At just 19, Coco Gauff became one of the youngest women to win the U.S. Open, and she made a point to thank the women who came before her. As she accepted her $3 million prize, Gauff turned to tennis icon Billie Jean King and said “Thank you Billie. For fighting for this.”
Throughout her lengthy tennis career, Billie Jean King won 39 Grand Slam titles and was inducted into the International Tennis Hall of Fame. In addition to her unmatched tennis skills, she has also been an outspoken advocate for gender equality, famously beating Bobby Riggs in the 1973 “Battle of the Sexes.” Riggs was retired from the sport at this time, but still claimed that he could beat any of the top female players, since women’s tennis was “inferior.” King presented him with a pig at the start of the match to call out his chauvinism and then proceeded to beat him in straight sets.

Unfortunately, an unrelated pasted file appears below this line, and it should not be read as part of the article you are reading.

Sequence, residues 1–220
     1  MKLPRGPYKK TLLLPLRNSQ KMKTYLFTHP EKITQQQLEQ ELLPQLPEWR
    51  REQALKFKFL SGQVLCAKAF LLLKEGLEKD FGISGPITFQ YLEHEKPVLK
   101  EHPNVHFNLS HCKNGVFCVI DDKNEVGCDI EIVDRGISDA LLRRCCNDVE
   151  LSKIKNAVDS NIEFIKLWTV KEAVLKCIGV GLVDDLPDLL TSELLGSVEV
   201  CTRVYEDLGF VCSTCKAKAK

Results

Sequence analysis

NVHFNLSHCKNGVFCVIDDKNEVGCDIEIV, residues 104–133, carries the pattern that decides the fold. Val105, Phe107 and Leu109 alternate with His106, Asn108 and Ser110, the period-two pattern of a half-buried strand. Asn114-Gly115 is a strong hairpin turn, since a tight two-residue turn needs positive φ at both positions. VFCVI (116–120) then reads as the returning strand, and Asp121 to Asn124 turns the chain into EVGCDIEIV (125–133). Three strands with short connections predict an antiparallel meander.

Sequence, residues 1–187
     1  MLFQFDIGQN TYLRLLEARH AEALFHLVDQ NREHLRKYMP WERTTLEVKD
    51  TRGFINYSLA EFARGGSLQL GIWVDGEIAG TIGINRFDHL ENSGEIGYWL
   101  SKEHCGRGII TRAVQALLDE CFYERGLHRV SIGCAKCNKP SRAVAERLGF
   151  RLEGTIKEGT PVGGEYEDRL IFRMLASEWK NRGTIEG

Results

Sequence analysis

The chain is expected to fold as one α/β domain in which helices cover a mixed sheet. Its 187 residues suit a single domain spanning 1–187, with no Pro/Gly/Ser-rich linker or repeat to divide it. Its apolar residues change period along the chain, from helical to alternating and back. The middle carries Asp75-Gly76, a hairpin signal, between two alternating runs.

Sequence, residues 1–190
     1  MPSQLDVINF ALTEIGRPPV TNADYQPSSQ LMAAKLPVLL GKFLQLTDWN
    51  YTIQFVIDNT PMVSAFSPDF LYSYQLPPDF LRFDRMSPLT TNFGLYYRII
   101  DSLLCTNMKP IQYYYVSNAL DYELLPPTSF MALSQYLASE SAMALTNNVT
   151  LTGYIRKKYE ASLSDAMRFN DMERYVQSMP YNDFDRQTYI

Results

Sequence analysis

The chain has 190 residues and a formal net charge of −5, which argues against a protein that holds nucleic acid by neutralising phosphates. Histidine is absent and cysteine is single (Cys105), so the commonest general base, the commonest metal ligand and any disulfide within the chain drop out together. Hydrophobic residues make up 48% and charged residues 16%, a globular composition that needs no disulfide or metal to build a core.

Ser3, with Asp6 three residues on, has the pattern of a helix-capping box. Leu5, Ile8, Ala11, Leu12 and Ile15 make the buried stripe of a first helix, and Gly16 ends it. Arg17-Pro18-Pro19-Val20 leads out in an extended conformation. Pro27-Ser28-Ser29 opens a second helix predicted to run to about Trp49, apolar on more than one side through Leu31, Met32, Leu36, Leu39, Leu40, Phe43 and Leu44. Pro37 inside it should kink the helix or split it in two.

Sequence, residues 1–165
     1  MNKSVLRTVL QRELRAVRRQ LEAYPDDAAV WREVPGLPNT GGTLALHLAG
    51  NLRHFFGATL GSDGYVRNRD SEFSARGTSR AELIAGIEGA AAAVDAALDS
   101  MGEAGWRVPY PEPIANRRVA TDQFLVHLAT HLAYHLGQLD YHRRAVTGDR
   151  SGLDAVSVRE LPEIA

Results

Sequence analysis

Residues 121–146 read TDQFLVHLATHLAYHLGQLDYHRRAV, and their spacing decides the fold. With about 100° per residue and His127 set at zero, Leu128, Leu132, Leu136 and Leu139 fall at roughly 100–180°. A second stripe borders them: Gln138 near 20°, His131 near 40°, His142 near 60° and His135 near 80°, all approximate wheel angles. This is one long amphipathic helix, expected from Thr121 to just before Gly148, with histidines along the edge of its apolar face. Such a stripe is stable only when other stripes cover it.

This win solidified King as a feminist icon, and she remained committed to the campaign for equal pay for women in tennis. She used her leverage and titles to push the U.S. Open to become the first major tournament to offer equal prize money for men and women by threatening not to play. Coco Gauff recognized the significance of King’s fight.
Of course, the fight for equal pay is ongoing in the United States, as women are still on average paid 77 cents for every dollar. The wage gap is even more prominent for women of color. The National Partnership for Women and Families reported that American women lose nearly $1.6 trillion each year because of this disparity. Providing paid family and medical leave and the passage of the Paycheck Fairness Act are essential to addressing the persistent wage gap in our country.